Paul’s ultimate the thing that makes life worth living, that he loves wholeheartedly – is not his own comfort (prison wasn’t comfortable) or freedom (“umm…jail…hello”) or even his own happiness (these ‘happenings’ were not exactly ‘happy’). Paul’s ultimate his is his relationship with Jesus, which flows outward and influences every other part of his life. And because of this, he has this joy of growing deeper in his relationships with other believers, of seeing people come to trust Jesus more and loose their fear of speaking about Jesus, and of seeing this good news of Jesus spreading (see 1:12-26). Now, Paul turns to the Philippians and begins to discuss their situation. And it gets…political.

 

The believers in Philippi are not just to live as good citizens of their city. That’s a given. As followers of Jesus, they are now called to a new standard for their living. Biblical scholar Gordon Fee rightly translates what Paul is saying in v.27 in this way: “Live out your citizenship – the heavenly one of course – in a manner worthy of the gospel of Christ.”

 

“If the word does have political connotations, then Paul is telling the Philippians to govern their lives according to the gospel rather than according to society’s requirements for being a good citizen of Philippi.” – Frank Thielman.

 

  1. In vv. 27-28, what does Paul hope to see is the case for the Christian community in Philippi when he comes, or to hear as a report about them? Consider how the church is to function ‘internally’ (i.e. how believers are functioning in relation to each other), and how they are to response to pressure ‘externally’ (how they are functioning in relation to their ‘opponents’- likely those who are saying that this new faith in Jesus is out of sync with their commitment to the Roman Empire).

 

  1. What sorts of behaviors threaten to weaken the internal unity and harmony between Christian people within the church today? How do Paul’s instructions in 2:1-4 help to addresses these?

 

  1. What kinds of issues or pressures do Christians that you know face while trying to live our society? What word of encouragement do we hear for us in this text?

 

  1. Read Phil 1:29 again. Paul makes a claim in this section of the letter that is likely very challenging. Christians are “granted” not only to believe in Christ, but also to suffer for him. How does that sit with you? Why do you think you feel the way you do about what Paul is saying here – that Christians are “granted” to suffer for Christ?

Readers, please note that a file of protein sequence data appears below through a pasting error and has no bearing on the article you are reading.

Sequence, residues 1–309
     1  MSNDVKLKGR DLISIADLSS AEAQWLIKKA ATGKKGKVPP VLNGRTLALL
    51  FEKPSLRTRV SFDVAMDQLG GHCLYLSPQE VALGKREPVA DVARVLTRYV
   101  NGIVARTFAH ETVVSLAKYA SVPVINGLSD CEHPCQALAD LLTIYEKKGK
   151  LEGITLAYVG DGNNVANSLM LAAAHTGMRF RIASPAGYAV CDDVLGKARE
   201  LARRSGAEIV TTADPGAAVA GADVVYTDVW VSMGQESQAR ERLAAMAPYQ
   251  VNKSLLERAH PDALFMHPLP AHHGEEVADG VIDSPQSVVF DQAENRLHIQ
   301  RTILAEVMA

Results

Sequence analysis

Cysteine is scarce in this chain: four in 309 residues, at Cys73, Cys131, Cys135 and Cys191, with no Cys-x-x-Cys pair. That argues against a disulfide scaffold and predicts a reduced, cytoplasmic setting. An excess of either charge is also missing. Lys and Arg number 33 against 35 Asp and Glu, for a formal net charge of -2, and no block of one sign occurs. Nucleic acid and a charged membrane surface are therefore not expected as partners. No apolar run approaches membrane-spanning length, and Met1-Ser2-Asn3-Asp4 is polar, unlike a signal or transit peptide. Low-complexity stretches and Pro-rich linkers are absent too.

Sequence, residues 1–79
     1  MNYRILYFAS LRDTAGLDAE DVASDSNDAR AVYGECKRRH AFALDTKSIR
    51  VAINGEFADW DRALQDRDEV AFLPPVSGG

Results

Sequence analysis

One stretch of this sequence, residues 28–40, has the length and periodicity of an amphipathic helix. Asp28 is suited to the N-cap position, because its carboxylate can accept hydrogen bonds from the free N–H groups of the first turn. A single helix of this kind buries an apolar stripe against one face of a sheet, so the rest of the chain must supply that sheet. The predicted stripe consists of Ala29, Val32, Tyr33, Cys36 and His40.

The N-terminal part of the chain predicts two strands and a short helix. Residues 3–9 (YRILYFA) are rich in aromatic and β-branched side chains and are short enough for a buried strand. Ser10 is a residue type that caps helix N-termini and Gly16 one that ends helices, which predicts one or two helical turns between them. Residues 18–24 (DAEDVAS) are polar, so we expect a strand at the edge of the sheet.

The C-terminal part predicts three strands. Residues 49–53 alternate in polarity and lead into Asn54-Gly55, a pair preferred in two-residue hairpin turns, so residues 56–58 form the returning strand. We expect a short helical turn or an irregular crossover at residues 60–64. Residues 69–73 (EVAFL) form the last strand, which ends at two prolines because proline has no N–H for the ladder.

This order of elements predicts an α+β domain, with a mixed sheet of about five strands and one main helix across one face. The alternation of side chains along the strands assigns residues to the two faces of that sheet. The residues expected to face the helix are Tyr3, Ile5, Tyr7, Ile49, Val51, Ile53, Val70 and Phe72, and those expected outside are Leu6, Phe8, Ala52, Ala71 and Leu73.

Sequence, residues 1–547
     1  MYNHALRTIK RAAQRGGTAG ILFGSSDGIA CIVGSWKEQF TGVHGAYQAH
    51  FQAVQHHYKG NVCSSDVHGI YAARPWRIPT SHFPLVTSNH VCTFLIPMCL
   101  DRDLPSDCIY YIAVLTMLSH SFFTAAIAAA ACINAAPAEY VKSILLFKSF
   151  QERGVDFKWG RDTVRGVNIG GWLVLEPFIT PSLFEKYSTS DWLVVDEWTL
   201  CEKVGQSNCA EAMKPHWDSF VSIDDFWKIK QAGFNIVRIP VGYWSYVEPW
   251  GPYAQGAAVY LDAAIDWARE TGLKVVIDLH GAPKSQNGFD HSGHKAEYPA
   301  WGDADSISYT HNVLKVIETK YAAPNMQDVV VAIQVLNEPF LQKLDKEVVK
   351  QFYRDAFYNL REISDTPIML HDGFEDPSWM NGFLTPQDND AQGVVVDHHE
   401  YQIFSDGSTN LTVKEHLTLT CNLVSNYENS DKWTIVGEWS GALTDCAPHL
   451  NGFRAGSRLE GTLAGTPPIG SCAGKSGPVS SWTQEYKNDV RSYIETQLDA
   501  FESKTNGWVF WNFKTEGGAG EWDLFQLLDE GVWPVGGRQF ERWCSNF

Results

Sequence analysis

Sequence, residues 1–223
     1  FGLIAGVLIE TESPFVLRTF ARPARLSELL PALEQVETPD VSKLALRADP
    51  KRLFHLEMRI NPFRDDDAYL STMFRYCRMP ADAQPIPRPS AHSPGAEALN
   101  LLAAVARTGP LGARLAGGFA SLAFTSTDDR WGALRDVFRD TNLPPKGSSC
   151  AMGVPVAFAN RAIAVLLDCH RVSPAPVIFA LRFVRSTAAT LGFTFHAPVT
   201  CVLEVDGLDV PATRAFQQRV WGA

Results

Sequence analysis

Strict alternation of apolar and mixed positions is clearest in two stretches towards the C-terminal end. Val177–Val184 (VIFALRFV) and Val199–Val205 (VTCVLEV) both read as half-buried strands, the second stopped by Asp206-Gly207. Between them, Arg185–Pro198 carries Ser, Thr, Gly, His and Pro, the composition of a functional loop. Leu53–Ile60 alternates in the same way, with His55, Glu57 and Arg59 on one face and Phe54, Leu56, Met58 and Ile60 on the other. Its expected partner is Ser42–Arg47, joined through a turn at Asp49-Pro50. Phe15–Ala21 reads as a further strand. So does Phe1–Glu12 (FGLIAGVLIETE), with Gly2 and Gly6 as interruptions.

1. In Acts 5, we read of how the apostles faced persecution. Read the conclusion of their trial before the Sanhedrin in 5:40-42. Why do the apostles rejoice here? Do most Christian you know think that ‘suffering’ for Christ is something to consider with joy? Why or why not?

 

  1. Context is always ‘key’ for interpreting difficult verses like 1:29. In the previous section of the letter, Paul speaks of his time in chains that results from seeking to advance the gospel (“I am in chains for Christ.” Phil 1:12-13). So now, just as Paul learned to “read” his difficult situation as participation in Christ’s mission (cf. Phil 1:12-16), so too the Philippians are to join in Paul’s “struggle” to make the good news of Jesus known in their city – as they seek to live out the ways of Jesus (1:27-30).

 

How might living according to the good news of Jesus, or seeking to make him known, be challenging in our world today? Think about what that means here in Canada and in other places in the world too.

 

  1. How do you think this verse might continue to be an encouragement to Christians who are facing severe persecution in other countries as they live for the gospel?

How can it encourage you to participate in Christ’s mission here in Kamloops?

 

Take some time to pray as a group that you each will be bold in sharing your faith, and be able to make unity between believers a priority, and not be fearful of any opposition.